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Thread: Filament bulbs - variation of light output with a.c.

  1. #1 Filament bulbs - variation of light output with a.c. 
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    A normal filament bulb running on a.c. has a variable voltage supplied to it (just because of the a.c., I mean).

    Is this variation visible as a variation in light output at the same frequency as the supply voltage? Or is the frequency high enough such that the filament does not cool down enough during the low-voltage part of the supply to make a detectable difference to the light output?

    When I talk about detectable, I mean with a light sensor etc.

    Thanks


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  3. #2  
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    If you connect a photoelectric sensor to an audio amp, you can hear the 50Hz buzz.


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  4. #3  
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    Quote Originally Posted by caKus View Post
    If you connect a photoelectric sensor to an audio amp, you can hear the 50Hz buzz.
    So that's a 'yes' then?
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  5. #4  
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    Yes, it is a yes. But I correct my previous post : you will hear a buzz at 100Hz rather than 50.
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  6. #5  
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    Quote Originally Posted by Trilobite View Post
    So that's a 'yes' then?
    The ability to hear it depends a lot on the thermal properties of the particular bulb in question. I tried in middle school to instrument the thermal variation of an AC-driven 100W light bulb, but with my poor skills, all I could verify was that AC hum is everywhere.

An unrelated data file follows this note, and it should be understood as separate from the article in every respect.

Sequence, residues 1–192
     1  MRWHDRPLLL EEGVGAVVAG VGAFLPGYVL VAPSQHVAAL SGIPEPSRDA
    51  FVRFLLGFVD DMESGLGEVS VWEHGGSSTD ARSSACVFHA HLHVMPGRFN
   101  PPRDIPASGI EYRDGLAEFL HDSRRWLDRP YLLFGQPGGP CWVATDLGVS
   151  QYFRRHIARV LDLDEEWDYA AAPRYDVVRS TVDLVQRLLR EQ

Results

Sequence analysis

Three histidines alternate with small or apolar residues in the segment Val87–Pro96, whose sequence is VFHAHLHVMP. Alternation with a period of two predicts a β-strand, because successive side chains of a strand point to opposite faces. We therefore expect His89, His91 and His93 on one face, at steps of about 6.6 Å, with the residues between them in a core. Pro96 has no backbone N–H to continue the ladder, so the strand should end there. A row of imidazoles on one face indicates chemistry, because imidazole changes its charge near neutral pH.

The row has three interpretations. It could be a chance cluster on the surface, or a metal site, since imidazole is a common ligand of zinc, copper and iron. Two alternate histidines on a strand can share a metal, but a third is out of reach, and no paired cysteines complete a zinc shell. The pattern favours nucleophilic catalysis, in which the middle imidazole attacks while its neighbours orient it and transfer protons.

Fluorescent lights are another story. Their flicker is readily discernible, even with a middle-school student's badly-designed and assembled circuit.
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  7. #6  
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    We in U.S. likely will soon enough only know filament-containing incandescent lamps as a dim memory, anyway. Since we are assured the amount of mercury in Coiled Fluorescent Lamps is so small as to pose no risk, we still are reminded not to break them, etc.

    I happen to like mercury, am not particularly afraid of it, but also like incandescent lamps. Besides, my head has plenty of mercury amalgamated with silver in it, there for 60 years, most of it, so............

    Now, how about the fact that incandescent filaments are often coiled coils, thus introducing inductive (slight, admittedly) effects into the question of heat, and therefore light, being produced after the presence of a given voltage level, current lagging voltage, current being the generator of heat, as I (squared) R. In theory, a straight heated filament of similar resistance and basic physical size should produce slightly more light output than the coiled filament....